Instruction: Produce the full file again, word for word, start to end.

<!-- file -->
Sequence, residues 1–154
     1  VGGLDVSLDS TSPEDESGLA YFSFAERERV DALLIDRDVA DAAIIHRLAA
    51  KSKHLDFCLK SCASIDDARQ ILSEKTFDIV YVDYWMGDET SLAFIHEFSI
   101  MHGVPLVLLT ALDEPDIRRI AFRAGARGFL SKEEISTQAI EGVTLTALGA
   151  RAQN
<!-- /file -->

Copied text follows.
Sequence, residues 1–154
     1  VGGLDVSLDS TSPEDESGLA YFSFAERERV DALLIDRDVA DAAIIHRLAA
    51  KSKHLDFCLK SCASIDDARQ ILSEKTFDIV YVDYWMGDET SLAFIHEFSI
   101  MHGVPLVLLT ALDEPDIRRI AFRAGARGFL SKEEISTQAI EGVTLTALGA
   151  RAQN